I can’t remember if I’ve told this story or not. Which probably means that you can’t either.
Military aviators typically have radio “callsigns,” or handles. Much like a CB radio enthusiast might, with the difference being that they are generally chosen for the nugget pilot rather than by him. We have very few pilots nicknamed “Ace,” for example, and if you find one named “Maverick,” you can be fairly confident that there is what passes for an elevated degree of sarcasm in there somewhere. Believe it or not, joining the fleet and getting your callsign can involve a fair amount of stress – once a moniker gets hung on you, it’s yours for life. Unless you commit some act of egregious buffoonery, landing with the gear up for example, which will be simply too juicy an event not to remind you of for the rest of your professional life, “Wheels.” And it’s worse than useless to object to the handle you’re given, since any evident chink in a fighter pilot’s psychological armor must of necessity be poked and prodded until the blood ceases to run. Never let ‘em see you sweat.
No slack in fighter attack.
Many callsigns are chosen to go along with people’s names, and some can get quite imaginative. I was reading an article in the Taihook magazine a few months back, and chanced across an article written about one of my old squadrons. Some kid had won Top Hook honors for carrier landing performance. As is customary, there was a happy snap with his name and callsign on it: Greek kid I imagine, maybe from one of the old neighborhoods. Last name of Derespinas. Call sign, “Enya.”
It took me a moment (color me slow, if it suits you). I first thought of the Irish new age musician, Enya. And then I put the two together. Enya Derespinas. Say it out loud.
So yeah, I laughed aloud at that, and one of my daughters asked me what I found so funny. And as you can imagine, I had to think pretty fast to come up with a plausible answer.
I mean, of course it’s (mildly) funny in and of itself, but what I really like about what that particular gem illustrates is the tenderly malicious effort that goes into a callsign like that. Here’s a kid, joins the Navy, goes through flight school, gets fighters and is happy as a clam – he’s in the fleet! And when he gets there, the 12 or so JO’s, men he will come to love as brothers, will take the name he was born with and twist it into an abomination. Don’t care what you say, that’s true love.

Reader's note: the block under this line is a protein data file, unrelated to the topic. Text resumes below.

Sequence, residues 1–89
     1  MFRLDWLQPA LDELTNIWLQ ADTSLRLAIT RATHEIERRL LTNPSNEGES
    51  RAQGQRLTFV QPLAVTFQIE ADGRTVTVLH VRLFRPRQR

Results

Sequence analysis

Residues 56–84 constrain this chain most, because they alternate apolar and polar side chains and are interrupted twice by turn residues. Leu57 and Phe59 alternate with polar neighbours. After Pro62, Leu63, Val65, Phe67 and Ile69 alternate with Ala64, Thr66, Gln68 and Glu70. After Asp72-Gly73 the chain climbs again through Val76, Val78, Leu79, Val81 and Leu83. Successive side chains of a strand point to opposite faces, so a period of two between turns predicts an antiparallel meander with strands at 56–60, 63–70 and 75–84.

And speaking of true love, another guy I knew checked into his new squadron, and had a late flight on the evening of his welcome aboard. His wife got to the party before him therefore, and stood looking out the bay window for her soul-mate’s eventual arrival. When he finally walked up the path, she stood there with a few of the junior officers, and with a Nancy Reagan-like look of admiration on her beaming face, said to the room in general, “There he is! Isn’t he precious?”
Yes, the gathering concurred. Yes he is, “Precious.”
Imagine now, two or three years later, calling up a USAF squadron to arrange a dissimilar fight. “Hi this is ‘Precious,’ from VFA-22 to pass you the special instructions.”
“Wait… what? Please say that again, I’m putting you on speakerphone!”
My own story is a little more mundane. I had gone through a couple of training command callsigns, inlcuding “Frenchy” (it’s a last name thing) and “Latch” (I had a door blow off in an A-4 during a formation hop). When I got to the fleet replacement squadron, where you first train in your fleet aircraft before joining a line squadron, I was called “Cajun.” That migrated for a time to “Cujo,” for an event in a bar in Fallon, Nevada that I will not share with you as it does not reflect particularly credibly on your humble scribe, and in any case happened a long time ago when I was a very different person.
I joined VFA-25, “the Fist of the Fleet,” in the summer of 1987, when that squadron was already embarked and half-way through a six month deployment. The squadron already had a “Cajun,” and “Cujo” was considered too macho for a nugget aviator, especially when he is unwilling to relate exactly how and under what circumstances he came to carry it. So my callsign pended some revelation into my character and abilities yet to be demonstrated.
Two days aboard and I’m still fairly jet lagged from the trip from California to the North Arabian Sea. We had a no-fly day, and an early morning meeting scheduled, at which we were expected to “khaki up,” in other words, shed the green flight suits that in time will become as familiar and comfortable to us as our own skins. I’m rigging my khakis, and since I’m new in the squadron I don’t yet have a squadron nametag with the appropriate logo on it. Which should have been only slightly problematical, but my personal mnemonic for putting my uniform together was to “put on my right name,” in other words, the name tag goes on the right breast, with wings and ribbons on the left.
Being tired, I put my uniform together looking in the mirror, where it looked just right. I headed on down to the squadron ready room with five minutes to spare (and a smile on my face!) only to be accosted immediately by the squadron commander: “What, are you dyslexic or something?”
“Your wings are on the wrong side of your uniform!”
So that got abbreviated to “Lex” ultimately, and thankfully has never changed since. I felt relieved actually, the callsign running second in the competition was “Fifi.”